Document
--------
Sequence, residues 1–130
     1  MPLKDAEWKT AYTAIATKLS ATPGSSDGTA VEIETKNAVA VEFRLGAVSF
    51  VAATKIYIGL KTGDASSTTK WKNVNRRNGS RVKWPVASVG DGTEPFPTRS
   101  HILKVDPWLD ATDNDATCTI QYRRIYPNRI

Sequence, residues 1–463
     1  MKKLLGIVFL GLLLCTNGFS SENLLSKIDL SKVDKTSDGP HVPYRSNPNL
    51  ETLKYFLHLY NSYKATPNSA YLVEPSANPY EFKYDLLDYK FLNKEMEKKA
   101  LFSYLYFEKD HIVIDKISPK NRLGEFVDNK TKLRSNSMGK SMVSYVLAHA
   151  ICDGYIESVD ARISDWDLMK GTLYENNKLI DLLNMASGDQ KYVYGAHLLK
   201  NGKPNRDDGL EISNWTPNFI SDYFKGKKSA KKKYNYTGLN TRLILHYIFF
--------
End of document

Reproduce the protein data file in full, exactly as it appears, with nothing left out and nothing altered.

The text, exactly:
Sequence, residues 1–130
     1  MPLKDAEWKT AYTAIATKLS ATPGSSDGTA VEIETKNAVA VEFRLGAVSF
    51  VAATKIYIGL KTGDASSTTK WKNVNRRNGS RVKWPVASVG DGTEPFPTRS
   101  HILKVDPWLD ATDNDATCTI QYRRIYPNRI

Sequence, residues 1–463
     1  MKKLLGIVFL GLLLCTNGFS SENLLSKIDL SKVDKTSDGP HVPYRSNPNL
    51  ETLKYFLHLY NSYKATPNSA YLVEPSANPY EFKYDLLDYK FLNKEMEKKA
   101  LFSYLYFEKD HIVIDKISPK NRLGEFVDNK TKLRSNSMGK SMVSYVLAHA
   151  ICDGYIESVD ARISDWDLMK GTLYENNKLI DLLNMASGDQ KYVYGAHLLK
   201  NGKPNRDDGL EISNWTPNFI SDYFKGKKSA KKKYNYTGLN TRLILHYIFF